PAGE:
I met Pushpa last year at a health post in Bardiya, a far-western district in Nepal. I was instantly inspired by her story and continue to draw inspiration from it.
“I was only 15 when I got married and 16 when I had my first baby. I thought the baby would be born easily but the labour pain lasted few days. I still could not give birth. My hands were tied to a branch of a tree outside the house for four days. It was supposed to help me push the baby out. The traditional birth attendant didn’t know what to do. I gave birth to a baby girl like that,” Pushpa says, recalling her harrowing experience at childbirth.
This experience changed her life forever. She decided at the young age of 18, already a mother of two children by then, to become a nurse. She took the grade ten exams that year to complete high school. Going back to school is not an easy choice for a married woman in a rural area. She decided that she would earn the money required to see her through college by poultry farming. A year later, she got an opportunity to join auxiliary nurse and midwife course on a government scholarship along with four other women. She now had to look after her home, her husband, his parents and her children while attending classes. She failed her first year exams. This didn’t discourage her. She worked harder the next year and finished the course.
Pushpa, now 36, is working as an auxiliary nurse and midwife at Dhodhari sub-health post in Bardiya, a district in far-western Nepal for the last three years. Bracketed between a plush mustard field and a dusty road, the sub-health post is a busy place now. She looks after women from her village and adjoining areas who come to the health post to have their babies delivered by her. Helping women through the birthing process and looking after newborn babies is part of her daily life.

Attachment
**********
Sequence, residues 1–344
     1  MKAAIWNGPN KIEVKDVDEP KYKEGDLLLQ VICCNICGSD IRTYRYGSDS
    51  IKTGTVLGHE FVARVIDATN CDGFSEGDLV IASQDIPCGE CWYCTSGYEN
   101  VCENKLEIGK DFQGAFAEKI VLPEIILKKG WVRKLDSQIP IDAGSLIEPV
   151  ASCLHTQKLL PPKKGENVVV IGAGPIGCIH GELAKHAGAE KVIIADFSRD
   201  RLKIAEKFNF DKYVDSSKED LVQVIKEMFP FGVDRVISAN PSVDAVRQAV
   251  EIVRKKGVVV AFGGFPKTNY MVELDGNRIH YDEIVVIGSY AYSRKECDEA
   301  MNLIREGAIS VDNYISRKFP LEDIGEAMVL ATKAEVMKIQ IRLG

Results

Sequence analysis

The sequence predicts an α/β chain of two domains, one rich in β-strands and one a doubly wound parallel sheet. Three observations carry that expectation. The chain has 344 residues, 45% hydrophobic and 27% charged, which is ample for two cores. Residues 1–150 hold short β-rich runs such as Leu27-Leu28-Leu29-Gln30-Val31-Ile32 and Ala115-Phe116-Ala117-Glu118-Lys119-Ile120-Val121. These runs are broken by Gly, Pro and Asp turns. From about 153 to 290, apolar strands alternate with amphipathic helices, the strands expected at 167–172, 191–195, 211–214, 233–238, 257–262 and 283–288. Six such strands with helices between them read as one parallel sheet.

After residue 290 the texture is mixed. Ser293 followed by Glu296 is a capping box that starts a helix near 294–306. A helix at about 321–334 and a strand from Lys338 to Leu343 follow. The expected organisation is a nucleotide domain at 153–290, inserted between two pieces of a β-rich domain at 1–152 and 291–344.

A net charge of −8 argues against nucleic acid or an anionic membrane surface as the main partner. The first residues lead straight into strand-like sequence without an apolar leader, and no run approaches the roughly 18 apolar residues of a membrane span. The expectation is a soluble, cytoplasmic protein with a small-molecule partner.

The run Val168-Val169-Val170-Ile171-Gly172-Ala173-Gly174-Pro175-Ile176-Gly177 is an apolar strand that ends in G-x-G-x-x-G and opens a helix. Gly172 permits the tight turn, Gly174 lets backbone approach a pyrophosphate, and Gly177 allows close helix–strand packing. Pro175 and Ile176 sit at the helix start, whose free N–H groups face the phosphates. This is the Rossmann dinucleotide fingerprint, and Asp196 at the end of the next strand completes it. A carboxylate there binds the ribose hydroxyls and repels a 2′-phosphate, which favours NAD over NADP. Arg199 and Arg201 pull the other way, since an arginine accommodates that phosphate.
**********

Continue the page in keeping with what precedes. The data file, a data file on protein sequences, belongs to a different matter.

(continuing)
Few kilometres away from the Dhodhari sub-health post, a young woman named Asha was having a prolonged labour at home over a year ago. She was brought into the health post as Asha’s condition worsened. Pushpa helped Asha give birth to a baby girl but the baby was neither crying nor moving at the time of birth.
Pushpa had recently acquired newborn care skills through Save the Children’s Saving Newborn Lives programme’s community based newborn care training so she quickly tried to revive the baby by stimulating the baby and using the dee lee suction. She finally used the bag to resuscitate the baby. After a while, the baby started crying. She remembers being filled with the sense of relief when the baby finally started breathing.
“I have seen many babies born like Asha’s little girl, not breathing. I didn’t know how to save them. Now I know what to do now. I became a health worker thinking I will help women but now I am also saving newborns,” says Pushpa, who recently also managed to save pre-term twins born at the sub-health post.
The people in her village call her a “doctor” and she smiles with pride.
Quietly working away in village health posts, health workers like Pushpa is one of the reason why Nepal is on track to meet the Millennium Development Goal 4 to reduce deaths of children under the age of 5 by two thirds.
(Previously published in www.every1.asia)
Take action! This post was submitted in response to International Women's Day 2011: A Call for Heroes.